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Olympic Athletes Who See Red May See Defeat

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Olympic Athletes Who See Red May See Defeat

Some research suggests that athletes who wear red may have an advantage over other athletes. The research hasn’t raised any red flags yet, but Canadians can always hope!

If you’re seeing red right now, it could be because you’re watching Olympic athletes who know a thing or two about getting an edge on their opponents. According to some past studies of Olympic athletes, those who wear red may have an advantage over blue-wearing competitors.

Lest you should assume that this means Canada should take all at the Summer Games wearing their mostly red uniforms, the red advantage seemed to apply mostly to one-on-one sports where judging was involved.

Red at Athens=advantage

A study done in 2005 by researchers at Durham University in Britain looked at athletes competing in combat sports, such as tae kwon do and wrestling, at the 2004 Athens Olympics. This study identified an advantage for those athletes who wore red.

Red to apes=dominance

The researchers suggested that the effect may be due to an association between the colour red and dominance. They attributed this dominance effect to humans’ hard-wired perceptions that date back to more animalistic times.

Anthropologists point to the example of primates. Where two apes are competing for the same mate or territory, one will demonstrate dominance through a testosterone surge which shows red on its chest or face.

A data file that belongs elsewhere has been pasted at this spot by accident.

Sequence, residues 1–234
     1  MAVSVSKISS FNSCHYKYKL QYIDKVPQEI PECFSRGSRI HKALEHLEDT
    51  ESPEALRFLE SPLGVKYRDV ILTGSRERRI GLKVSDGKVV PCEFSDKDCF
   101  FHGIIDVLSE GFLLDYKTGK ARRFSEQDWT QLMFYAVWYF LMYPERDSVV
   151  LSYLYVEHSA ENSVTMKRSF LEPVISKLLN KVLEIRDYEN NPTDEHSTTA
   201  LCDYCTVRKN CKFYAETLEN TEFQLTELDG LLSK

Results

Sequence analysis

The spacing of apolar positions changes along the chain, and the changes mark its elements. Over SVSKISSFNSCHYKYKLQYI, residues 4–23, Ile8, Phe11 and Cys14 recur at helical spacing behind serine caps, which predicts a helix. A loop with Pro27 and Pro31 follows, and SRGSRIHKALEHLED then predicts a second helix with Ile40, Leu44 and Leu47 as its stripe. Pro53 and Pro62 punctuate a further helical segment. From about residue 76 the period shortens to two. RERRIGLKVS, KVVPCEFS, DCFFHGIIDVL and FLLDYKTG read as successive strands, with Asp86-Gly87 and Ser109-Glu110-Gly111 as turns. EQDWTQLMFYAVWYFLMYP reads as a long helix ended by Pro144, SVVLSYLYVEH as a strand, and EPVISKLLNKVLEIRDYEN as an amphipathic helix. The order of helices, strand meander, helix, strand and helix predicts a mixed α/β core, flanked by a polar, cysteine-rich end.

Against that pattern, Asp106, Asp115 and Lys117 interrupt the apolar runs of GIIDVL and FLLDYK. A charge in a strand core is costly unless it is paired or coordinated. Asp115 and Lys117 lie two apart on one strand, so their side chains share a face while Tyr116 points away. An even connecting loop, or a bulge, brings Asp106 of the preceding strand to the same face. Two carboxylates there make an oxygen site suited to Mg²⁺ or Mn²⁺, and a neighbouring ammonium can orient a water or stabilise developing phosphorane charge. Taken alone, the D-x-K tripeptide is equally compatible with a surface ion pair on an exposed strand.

Red to referees=advantage

And in a more recent study, researchers from the University of Munster in Germany looked at the results from Durham University to see if there may be another explanation for the red advantage. Their study tested the impact of the colour red on the referees involved in judging the outcomes of the sports.

They clothed tae kwon do sparring partners in either red or blue protective gear and showed videos of these bouts to 42 experienced tae kwon do referees. They asked the referees to assign points to each fighter. They were then shown the same videos that had been digitally altered so that the red-wearing fighter was now wearing blue and vice versa.

What the researchers discovered was that these experienced tae kwon do referees consistently assigned more points to the red fighters, even after the colours had been digitally switched. Their conclusion was that, when athletes are relatively well matched, referees’ decisions may tip the scales toward the one in red.

Red at London Olympics=Hope for Canada

There doesn’t seem to be enough evidence just yet to be raising a red flag about the advantage of red-clad Olympians. But we Canadians can always hope! Go Canada Go!

Photo credit: Rob Wilson / Shutterstock.com

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